Adobe has begun putting its money where its mouth is when it comes to improving Web page design.
Today, the first bit of Adobe-written code landed in the WebKit browser engine project, an early step to try to bring magazine-style layouts to Web pages using an extension to today's CSS (Cascading Style Sheets) technology. Adobe calls the technology CSS Regions.
The move begins fulfilling a plan Adobe announced in May to build the technology into WebKit and--if the company can persuade others to embrace it--furthers Adobe's ambition to standardize the advanced CSS layout mechanism.
WebKit is the browser engine within Apple's Safari and Google's Chrome, among others, but inclusion in the software doesn't guarantee those browsers will adopt it. Google, however, is helping shepherd the technology, so it seems likely at least Chrome will get it, and inclusion in the main WebKit code base makes it easy for others to do so.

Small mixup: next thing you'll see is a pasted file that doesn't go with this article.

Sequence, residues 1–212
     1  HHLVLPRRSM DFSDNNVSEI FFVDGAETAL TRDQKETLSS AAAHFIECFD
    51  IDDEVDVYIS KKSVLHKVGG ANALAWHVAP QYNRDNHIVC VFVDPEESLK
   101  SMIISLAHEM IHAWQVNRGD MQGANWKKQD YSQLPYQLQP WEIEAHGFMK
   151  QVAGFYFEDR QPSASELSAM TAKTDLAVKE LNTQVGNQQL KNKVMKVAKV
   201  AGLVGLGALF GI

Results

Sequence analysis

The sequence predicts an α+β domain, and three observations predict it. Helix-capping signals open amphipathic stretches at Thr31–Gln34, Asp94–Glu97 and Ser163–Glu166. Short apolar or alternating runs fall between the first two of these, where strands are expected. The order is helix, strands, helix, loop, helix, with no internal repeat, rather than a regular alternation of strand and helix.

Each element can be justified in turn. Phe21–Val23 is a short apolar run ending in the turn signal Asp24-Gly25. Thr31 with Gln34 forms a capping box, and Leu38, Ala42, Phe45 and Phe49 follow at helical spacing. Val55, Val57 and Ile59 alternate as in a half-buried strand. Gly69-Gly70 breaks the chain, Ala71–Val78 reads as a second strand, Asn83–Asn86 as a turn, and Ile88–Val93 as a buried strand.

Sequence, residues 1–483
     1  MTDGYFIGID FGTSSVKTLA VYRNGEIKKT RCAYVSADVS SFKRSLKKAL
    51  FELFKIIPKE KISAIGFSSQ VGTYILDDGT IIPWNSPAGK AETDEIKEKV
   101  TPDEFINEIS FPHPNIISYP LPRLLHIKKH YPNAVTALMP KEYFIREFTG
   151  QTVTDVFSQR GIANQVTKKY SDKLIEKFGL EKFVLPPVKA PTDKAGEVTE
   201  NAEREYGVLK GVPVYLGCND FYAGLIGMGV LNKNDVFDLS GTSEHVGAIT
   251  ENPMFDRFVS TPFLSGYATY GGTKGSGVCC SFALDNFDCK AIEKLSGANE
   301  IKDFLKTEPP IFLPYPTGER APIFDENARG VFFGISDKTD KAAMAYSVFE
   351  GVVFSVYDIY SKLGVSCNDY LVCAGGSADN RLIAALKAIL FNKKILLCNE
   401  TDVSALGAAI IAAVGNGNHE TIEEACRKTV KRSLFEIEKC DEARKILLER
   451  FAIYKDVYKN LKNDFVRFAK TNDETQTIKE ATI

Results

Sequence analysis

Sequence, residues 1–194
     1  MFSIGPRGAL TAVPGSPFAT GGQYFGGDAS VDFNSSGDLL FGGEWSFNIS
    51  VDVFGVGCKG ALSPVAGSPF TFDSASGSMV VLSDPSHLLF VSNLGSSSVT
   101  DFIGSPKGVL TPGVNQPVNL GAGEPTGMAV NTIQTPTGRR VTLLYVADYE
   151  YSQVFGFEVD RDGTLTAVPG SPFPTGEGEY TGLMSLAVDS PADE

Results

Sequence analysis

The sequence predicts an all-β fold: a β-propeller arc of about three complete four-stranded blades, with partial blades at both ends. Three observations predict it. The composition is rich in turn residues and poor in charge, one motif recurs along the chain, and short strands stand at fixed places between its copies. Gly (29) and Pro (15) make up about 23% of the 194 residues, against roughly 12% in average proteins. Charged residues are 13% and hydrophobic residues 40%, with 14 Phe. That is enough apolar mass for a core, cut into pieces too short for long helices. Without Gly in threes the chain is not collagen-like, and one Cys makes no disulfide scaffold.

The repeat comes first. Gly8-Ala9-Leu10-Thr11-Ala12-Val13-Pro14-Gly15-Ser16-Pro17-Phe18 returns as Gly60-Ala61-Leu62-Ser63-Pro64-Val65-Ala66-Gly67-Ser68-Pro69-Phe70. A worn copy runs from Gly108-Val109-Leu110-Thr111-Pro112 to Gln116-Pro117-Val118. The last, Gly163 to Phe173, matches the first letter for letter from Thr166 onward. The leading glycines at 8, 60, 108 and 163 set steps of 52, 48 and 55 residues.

CSS--in particular the present CSS3 version under development--is a major frontier for more sophisticated Web pages. Recent CSS advances include downloadable fonts and animations that can move elements around a Web page, and hardware acceleration arriving in browsers is making its use faster and less battery-taxing.
Adobe's move is notable given how important a competing technology, its own Flash Player, is to the company. Adobe argues it's a toolmaker that offers multiple tools, but the WebKit work signifies a more active role in Web technology. The WebKit contribution shows it's putting a priority on improving Web publishing's foundations.
Mihnea Ovidenie, part of Adobe's Romania-based WebKit team, contributed the CSS patch, and Google Chrome programmer Kent Tamura approved it. The patch itself is very basic--just a WebKit build system update to let people enable or disable the CSS feature.
For those who don't want to wait for all the patches to be approved in WebKit, Adobe makes a custom version of WebKit available on Adobe Labs for those who want to try CSS Regions and its close cousin, CSS Exclusions.
Web standards are developed through a push-me-pull-you method with browser makers introducing new technology at the same time standards groups try to settle it down. That can produce some chaos, but it also ensures Web developers have had a chance to test the ideas in the real world before they get baked into a standard.